A large portion of family-owned egg farms that are still in business today could potentially be out of business in the next five years due to U.S. layer housing laws forcing producers to spend millions to go cage-free or get out of the egg business.

Even though there is still a lot of debate concerning which housing type is better for the birds on the producer, researcher and consumer levels, cage-free mandates and retail/foodservice future cage free purchase pledges are still being made and implemented. Depending on where you live and who you produce for, these commitments are forcing U.S. egg producers to either convert to cage-free egg production or leave the egg business altogether.  

If the egg industry continues to move toward cage-free egg production, the number of smaller family farms producing eggs in the U.S. will decrease, putting the market and supply into the hands of the larger companies that can obtain financing and have succession plans in place to transition to cage free, earning them an adequate long-term return on investment.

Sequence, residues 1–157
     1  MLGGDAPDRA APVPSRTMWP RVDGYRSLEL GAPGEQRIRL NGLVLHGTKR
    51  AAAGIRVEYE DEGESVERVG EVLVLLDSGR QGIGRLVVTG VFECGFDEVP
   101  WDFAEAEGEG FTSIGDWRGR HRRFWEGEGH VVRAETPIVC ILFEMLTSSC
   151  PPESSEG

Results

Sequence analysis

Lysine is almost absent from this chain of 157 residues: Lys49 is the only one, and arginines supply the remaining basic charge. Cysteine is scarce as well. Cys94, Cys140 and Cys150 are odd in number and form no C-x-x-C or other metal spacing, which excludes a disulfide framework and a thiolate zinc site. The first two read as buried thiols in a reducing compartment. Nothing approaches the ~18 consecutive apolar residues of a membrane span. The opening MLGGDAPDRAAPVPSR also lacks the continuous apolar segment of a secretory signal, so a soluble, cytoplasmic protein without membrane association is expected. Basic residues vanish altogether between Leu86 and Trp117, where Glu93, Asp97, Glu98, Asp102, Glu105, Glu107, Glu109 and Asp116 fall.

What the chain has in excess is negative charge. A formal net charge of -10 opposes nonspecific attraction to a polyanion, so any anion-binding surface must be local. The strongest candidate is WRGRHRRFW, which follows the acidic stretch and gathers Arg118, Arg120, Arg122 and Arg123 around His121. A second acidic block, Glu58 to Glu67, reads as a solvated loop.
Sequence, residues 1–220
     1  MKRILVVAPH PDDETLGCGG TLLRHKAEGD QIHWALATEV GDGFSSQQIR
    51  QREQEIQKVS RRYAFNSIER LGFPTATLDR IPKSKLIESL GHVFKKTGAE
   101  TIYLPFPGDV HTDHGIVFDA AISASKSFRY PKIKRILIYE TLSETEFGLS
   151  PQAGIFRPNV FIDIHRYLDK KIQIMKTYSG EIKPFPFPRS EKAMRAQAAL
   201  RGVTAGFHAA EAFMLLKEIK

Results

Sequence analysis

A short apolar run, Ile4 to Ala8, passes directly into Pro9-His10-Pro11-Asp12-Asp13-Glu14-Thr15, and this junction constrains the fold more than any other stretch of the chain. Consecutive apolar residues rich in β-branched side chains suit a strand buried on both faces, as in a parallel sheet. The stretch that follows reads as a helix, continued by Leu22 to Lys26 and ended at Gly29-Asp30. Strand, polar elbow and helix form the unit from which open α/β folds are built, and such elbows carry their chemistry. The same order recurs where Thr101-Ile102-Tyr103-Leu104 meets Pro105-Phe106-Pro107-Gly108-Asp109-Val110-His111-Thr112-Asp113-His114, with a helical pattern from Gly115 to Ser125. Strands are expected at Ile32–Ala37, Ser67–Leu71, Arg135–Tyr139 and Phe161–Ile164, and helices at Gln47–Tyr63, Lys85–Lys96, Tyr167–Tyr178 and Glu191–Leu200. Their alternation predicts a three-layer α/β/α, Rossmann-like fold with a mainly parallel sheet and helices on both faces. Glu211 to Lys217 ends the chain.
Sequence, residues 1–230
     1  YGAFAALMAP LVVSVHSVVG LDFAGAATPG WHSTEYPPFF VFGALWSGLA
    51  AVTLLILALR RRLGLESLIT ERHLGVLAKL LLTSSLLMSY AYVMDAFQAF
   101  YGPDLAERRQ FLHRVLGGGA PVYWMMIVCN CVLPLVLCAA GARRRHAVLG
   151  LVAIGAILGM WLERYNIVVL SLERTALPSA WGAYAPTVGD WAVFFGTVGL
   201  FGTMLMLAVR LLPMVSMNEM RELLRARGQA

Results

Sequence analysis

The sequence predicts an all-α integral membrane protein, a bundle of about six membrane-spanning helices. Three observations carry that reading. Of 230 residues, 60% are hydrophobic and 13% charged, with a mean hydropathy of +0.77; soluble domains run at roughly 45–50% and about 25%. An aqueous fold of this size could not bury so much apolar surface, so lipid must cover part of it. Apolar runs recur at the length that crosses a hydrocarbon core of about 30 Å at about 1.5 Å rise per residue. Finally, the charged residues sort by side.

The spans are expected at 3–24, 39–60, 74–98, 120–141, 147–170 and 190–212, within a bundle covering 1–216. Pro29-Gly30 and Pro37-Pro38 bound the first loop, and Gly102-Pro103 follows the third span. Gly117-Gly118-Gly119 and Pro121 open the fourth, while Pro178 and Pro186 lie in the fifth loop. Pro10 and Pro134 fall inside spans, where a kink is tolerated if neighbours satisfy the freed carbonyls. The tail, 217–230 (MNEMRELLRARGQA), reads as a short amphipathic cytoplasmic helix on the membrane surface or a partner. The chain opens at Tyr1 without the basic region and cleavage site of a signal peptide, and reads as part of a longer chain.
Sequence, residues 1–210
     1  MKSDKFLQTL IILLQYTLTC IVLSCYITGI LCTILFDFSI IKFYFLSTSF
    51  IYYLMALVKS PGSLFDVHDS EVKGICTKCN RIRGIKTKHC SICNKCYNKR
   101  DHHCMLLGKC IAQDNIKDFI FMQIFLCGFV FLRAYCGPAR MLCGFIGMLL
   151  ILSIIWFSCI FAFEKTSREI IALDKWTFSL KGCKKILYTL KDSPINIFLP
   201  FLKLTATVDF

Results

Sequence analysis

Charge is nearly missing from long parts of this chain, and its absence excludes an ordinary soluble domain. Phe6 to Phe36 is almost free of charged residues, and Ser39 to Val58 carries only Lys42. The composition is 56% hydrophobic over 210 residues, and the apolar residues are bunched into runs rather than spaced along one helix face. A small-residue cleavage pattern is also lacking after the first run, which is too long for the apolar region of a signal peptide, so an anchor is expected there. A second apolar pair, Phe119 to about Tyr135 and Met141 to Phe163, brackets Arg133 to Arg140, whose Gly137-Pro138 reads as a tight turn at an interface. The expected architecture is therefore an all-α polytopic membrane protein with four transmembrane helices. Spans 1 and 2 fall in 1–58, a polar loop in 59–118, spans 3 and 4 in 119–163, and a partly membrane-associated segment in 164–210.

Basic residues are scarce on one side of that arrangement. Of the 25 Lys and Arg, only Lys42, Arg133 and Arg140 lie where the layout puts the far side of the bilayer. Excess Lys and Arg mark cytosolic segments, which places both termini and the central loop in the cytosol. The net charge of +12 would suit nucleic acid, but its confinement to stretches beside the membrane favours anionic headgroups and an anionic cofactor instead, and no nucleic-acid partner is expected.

It’s interesting that this is the future of the U.S. egg industry. I could argue that a large portion of consumers who choose cage-free eggs over conventional eggs are the same consumers who choose local, family farm products over commercial, mass-produced products. Meaning, the cage-free laws that they voted may be working against their wishes for products from family farms. 

Furthermore, not every egg producer that lives in a cage-free mandated state, or that produces for a pledged customer, has converted their farm yet. Some producers could be holding out to see if their state or customer will actually honor its cage-free deadline. Maybe they don’t want to rush into a risky decision and spend millions of dollars to convert. Or maybe they just don’t want to make the choice to go out of business yet.